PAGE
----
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Page:Popular Science Monthly Volume 32.djvu/803

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THE FAMILY-LIFE OF FISHES.

Indian jugglers often keep these fishes in order to let them crawl about on land, and have the people enjoy the wonderful spectacle. Another fish, living in the Gulf of Panama, resembles the kangaroo, inasmuch as it possesses a bag-like receptacle in which it bears its eggs.

The most peculiar, however, of all fishes is the sea-horse (Hippocampus), PSM V32 D799 The hippocampus and its family.jpgFig. 3.—The Hippocampus and its Family. remarkable on account of its queer shape as well as on account of its strange homestead and habits of life. With their numerous joints and their circular tail, these fishes have more the appearance of a plant than of an animal. While swimming they keep in an upright position, holding their tail in readiness for the peculiar use to which they put it. Very quickly they coil it around sea-weeds, and then carefully watch the surrounding water, on the lookout for booty, which, when perceived, they pursue with great dispatch. It sometimes happens that, when two of these fishes meet, they encircle each other with their tails, and they often have a hard time of it before they can again separate. By the peculiar growth of a part of the epidermis on the sea-horse a perfect pocket is formed, in which their eggs are allowed to develop.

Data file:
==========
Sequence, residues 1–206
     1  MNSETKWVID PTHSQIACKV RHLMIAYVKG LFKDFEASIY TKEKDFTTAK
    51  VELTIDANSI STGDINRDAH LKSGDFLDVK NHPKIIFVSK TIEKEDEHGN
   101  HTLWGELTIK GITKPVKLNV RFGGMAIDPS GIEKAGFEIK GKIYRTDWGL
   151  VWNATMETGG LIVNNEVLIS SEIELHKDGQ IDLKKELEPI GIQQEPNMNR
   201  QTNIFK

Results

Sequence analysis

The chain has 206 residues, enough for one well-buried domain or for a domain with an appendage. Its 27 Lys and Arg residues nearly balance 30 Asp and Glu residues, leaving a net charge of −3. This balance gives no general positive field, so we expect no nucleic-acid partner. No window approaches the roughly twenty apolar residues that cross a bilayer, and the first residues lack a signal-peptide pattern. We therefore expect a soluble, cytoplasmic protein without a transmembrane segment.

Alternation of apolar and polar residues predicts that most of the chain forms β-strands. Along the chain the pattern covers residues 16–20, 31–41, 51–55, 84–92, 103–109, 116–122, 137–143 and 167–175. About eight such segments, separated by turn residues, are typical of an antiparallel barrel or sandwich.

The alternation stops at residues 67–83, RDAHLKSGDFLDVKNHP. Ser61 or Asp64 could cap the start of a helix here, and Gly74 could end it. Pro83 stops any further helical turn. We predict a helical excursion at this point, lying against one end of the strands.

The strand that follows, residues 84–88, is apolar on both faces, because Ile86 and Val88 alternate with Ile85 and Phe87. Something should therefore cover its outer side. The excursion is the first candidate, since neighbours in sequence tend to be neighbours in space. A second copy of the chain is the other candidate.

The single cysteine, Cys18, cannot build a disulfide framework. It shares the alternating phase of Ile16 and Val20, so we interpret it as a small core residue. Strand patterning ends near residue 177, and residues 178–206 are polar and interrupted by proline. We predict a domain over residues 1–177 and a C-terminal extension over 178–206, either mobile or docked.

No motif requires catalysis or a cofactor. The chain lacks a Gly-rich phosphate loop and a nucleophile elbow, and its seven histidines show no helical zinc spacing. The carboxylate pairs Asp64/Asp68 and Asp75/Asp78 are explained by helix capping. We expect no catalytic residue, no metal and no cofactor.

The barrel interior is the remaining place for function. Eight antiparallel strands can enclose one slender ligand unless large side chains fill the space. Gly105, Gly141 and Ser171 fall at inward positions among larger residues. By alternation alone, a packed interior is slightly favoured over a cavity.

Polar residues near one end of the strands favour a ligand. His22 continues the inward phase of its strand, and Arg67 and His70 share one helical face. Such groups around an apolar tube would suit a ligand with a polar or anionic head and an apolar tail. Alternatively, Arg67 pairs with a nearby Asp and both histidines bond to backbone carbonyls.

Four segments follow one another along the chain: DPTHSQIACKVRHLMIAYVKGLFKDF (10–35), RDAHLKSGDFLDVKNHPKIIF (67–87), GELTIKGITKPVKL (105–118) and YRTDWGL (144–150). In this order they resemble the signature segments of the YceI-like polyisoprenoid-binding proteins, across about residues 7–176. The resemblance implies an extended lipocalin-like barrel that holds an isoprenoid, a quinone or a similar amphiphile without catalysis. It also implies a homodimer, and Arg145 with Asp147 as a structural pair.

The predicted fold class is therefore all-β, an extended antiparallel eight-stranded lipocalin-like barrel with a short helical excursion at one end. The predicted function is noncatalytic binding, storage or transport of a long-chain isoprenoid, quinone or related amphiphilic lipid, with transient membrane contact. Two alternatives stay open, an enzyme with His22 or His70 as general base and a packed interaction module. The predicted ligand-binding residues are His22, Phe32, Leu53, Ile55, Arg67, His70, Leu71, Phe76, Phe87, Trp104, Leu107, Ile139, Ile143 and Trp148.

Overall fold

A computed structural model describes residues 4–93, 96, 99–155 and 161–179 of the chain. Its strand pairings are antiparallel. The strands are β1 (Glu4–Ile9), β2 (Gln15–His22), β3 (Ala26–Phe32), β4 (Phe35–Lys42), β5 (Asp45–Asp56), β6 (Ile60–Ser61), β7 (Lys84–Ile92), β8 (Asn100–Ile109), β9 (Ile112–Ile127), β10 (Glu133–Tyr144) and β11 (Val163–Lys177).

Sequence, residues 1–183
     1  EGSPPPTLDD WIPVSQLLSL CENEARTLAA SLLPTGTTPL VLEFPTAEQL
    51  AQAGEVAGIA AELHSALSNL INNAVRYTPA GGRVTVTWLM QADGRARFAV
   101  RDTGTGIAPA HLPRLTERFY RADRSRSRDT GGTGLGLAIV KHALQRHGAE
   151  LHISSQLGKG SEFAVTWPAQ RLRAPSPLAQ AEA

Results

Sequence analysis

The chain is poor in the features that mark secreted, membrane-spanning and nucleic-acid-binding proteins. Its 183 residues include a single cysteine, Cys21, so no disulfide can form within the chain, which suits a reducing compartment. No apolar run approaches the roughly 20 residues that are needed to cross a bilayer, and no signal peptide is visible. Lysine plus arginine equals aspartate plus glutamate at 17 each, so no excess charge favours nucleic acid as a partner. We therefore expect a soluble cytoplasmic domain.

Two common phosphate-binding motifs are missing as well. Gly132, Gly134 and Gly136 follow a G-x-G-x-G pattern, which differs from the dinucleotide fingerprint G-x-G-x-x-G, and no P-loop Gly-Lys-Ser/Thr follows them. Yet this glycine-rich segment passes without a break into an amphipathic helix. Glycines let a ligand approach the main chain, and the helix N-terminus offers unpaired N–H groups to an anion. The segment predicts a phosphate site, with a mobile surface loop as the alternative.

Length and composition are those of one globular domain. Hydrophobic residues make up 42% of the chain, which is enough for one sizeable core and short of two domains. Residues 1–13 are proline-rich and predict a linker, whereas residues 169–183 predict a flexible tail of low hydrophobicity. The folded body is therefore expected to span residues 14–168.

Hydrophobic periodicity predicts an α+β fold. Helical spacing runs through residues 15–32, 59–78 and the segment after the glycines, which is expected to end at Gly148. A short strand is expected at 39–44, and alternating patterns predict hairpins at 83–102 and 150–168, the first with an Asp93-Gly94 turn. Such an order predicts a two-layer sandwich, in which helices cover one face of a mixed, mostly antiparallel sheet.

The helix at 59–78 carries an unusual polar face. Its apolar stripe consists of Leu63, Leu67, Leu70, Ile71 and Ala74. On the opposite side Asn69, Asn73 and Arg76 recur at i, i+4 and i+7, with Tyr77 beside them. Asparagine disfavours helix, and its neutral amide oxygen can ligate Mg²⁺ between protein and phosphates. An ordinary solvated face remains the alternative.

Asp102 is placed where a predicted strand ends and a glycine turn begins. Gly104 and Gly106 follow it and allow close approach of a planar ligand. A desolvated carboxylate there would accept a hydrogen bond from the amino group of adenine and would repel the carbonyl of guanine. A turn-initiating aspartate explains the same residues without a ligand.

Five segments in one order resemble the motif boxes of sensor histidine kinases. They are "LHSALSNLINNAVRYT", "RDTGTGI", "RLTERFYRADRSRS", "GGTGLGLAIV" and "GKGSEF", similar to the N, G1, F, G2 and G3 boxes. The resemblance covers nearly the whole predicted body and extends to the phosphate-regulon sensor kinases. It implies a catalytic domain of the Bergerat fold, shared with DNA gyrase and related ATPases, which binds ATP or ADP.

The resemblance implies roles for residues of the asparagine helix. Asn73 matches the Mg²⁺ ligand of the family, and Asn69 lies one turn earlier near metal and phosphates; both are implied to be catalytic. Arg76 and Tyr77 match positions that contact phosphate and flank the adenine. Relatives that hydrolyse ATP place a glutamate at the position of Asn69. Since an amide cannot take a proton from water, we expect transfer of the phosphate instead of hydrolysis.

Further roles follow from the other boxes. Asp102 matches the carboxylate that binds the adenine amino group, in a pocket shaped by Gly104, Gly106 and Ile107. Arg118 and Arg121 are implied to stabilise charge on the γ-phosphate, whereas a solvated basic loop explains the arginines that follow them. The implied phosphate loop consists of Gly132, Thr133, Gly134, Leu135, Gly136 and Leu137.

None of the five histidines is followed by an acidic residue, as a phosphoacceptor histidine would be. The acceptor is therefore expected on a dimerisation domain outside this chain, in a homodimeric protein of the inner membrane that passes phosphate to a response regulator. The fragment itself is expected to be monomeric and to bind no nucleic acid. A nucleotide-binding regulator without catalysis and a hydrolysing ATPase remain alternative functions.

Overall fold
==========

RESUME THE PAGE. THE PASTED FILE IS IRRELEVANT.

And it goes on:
Yet another kind of fish possesses a form still more weird, and may, on account of its shape and color, be easily mistaken for floating sea-weeds. And in this peculiar resemblance lies its greatest safeguard. In like manner the sea-needle greatly resembles the sea-plants among which it lives, not only in form, but also in color, which it can easily change from a gray or brown to a bluish or greenish hue.—Translated for the Popular Science Monthly from Daheim.

 


 
The report of the British Royal Commission of 1886, on the depression of trade, while it failed to find any single positive cause or sovereign remedy for the stringency of the situation, presented overwhelming evidence that protection, instead of helping the countries where it prevailed, had hurt them. The silk-weavers of Macclesfield asked for protection against those of Lyons and Paterson, when it was shown that the Lyons weavers with protection were suffering far more terribly than their English competitors without it; and even the Macclesfield weavers, when it came to talking of protection on the provisions they consumed, did not think the rule would work well in that direction.